Slightly more than two years ago, I stumbled across Peter Clines’ novel of cosmic horror, 14. It wasn’t an earth shatteringly brilliant story, but, as I described it initially, it “scratched an itch I didn’t know I had”. Since then, I’ve read The Fold, and Paradox Bound. The latter book was fairly disappointing in my opinion, and I was left reframing my thoughts around Peter Clines. 14 was great. The Fold was very good, but I had issues with some of the characters and how they interacted with the protagonists. And Paradox Bound just didn’t do it for me. I enjoyed it, as far as it goes, but found the characters largely boring and the story only mildly interesting. I even tried his Ex-Heroes series, but never finished the first book (though, I may give them another shot in the future).
So I wasn’t super enthused to read Dead Moon. But I did want to read it. Especially because it’s part of the what has been retroactively labelled “The Threshold” series – his books of cosmic horror, 14, The Fold, Dead Moon, and the just released Terminus.
This was my second attempt at Dead Moon.
Look. I still love zombies. I know I’m probably not supposed to. We’re burned out on them. World War Z and The Zombie Survival Guide were amazing. The Walking Dead was good at first, and became a cultural force. But….there is just so much drek out there not worth even talking about.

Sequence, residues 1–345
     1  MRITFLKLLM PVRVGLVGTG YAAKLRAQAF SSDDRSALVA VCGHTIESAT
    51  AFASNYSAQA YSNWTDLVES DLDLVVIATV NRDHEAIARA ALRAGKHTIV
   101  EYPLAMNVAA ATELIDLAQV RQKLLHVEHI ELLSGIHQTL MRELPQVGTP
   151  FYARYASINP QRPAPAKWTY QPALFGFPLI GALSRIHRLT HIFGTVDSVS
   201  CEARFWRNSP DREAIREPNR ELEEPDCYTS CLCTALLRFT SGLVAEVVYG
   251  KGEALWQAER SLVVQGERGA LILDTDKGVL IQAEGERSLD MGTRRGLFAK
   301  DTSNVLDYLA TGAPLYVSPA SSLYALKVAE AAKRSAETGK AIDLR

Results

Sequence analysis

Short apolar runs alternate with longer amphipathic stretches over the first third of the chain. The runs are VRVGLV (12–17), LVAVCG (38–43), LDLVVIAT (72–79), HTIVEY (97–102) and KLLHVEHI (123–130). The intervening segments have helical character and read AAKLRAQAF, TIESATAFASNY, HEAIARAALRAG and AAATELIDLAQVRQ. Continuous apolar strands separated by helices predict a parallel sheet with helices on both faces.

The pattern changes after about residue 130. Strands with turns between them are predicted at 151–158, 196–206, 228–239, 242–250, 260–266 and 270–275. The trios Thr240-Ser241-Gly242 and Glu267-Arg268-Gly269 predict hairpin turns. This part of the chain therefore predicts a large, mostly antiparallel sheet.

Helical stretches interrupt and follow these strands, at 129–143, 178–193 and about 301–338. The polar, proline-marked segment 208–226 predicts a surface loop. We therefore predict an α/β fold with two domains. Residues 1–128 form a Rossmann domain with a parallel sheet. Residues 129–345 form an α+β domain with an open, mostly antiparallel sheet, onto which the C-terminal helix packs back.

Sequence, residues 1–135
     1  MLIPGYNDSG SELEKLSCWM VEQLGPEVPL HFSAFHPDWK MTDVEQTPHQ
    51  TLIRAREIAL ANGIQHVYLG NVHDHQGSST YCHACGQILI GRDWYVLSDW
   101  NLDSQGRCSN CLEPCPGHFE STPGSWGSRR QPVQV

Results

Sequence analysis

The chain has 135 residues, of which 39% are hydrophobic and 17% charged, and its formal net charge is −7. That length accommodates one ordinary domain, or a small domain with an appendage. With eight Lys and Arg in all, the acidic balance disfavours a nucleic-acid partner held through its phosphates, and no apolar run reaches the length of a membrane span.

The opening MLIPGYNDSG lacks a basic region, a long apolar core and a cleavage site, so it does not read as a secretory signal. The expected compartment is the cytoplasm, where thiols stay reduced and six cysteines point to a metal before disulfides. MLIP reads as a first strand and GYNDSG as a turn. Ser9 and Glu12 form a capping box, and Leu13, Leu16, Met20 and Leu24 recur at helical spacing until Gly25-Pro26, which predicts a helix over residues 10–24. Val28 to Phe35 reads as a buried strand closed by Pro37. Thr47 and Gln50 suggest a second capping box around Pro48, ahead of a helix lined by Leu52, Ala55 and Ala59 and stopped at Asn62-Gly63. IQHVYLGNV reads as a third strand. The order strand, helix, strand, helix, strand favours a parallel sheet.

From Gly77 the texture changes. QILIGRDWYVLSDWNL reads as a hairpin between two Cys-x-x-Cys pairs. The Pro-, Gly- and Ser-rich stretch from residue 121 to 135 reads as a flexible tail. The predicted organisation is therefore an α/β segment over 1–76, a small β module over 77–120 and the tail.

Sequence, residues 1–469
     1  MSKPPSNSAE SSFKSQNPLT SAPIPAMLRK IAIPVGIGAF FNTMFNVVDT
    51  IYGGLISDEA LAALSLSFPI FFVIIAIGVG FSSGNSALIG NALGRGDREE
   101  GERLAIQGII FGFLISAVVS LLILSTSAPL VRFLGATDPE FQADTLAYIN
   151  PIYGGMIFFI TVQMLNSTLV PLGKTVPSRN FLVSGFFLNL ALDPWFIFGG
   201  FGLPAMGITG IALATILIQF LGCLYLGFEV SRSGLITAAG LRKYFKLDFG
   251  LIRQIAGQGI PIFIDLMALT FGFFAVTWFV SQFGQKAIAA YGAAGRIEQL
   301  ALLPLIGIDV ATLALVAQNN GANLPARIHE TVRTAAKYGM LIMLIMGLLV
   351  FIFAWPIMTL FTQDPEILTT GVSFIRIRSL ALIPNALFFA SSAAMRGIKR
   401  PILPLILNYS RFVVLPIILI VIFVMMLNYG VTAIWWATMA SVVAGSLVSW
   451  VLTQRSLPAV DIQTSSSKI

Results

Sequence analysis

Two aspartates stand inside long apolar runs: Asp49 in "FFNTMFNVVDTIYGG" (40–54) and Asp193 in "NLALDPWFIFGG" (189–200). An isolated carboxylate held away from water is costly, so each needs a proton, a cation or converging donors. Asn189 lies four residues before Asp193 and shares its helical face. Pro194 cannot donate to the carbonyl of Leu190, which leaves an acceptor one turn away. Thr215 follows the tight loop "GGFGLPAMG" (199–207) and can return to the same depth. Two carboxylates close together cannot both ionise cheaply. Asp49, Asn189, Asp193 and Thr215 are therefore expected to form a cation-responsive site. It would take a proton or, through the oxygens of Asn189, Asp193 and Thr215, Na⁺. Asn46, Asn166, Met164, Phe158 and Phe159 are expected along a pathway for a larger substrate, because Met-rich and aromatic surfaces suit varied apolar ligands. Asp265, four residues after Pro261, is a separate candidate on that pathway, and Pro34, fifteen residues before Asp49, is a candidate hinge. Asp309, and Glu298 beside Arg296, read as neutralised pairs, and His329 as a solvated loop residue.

This book started off as a continuation of the trend. I didn’t like it. Nothing about this book worked for me. The pacing was far too fast, none of the characters were memorable, and I didn’t fully embrace the world he’d built. Before I could even figure out who anyone was, they were facing an overwhelming force of zombies that threatened their entire existence. And I just didn’t care.
Which is why I gave up the first time I read it. Characters would die and I couldn’t for the life of me remember who they were.
But, and I’ll be perfectly honest, here: the only reason I was able to finish it this time was because Ray Porter narrates the audiobook. He’s one of my favorite narrators working today. He has such a great “every man” voice, and gives each character a distinct enough voice to make it clear who’s talking. I’d listen to him read just about anything. It’s just too bad he narrates a lot of books I don’t really love.
So because Ray Porter is so good, I was able to finish this book on the second attempt, and it ended up being worth it, I think. It’s still not a great book, and I still ended up not really caring about any of the characters, but I ended up finding the story rewarding enough. This seems more horror than “cosmic horror”, as the incorporation of the Elder Gods mythos seemed more tacked on than anything, but I didn’t dislike its vagueness.
The next book is Terminus. I may take a break before delving into it, but it’s also read by Ray Porter. So it’ll probably be worth it.
It just sucks that, instead of finding the next David Wong or John Scalzi, it looks like I found another Dennis E. Taylor. A capable author who can write interesting novels, but isn’t always particularly memorable.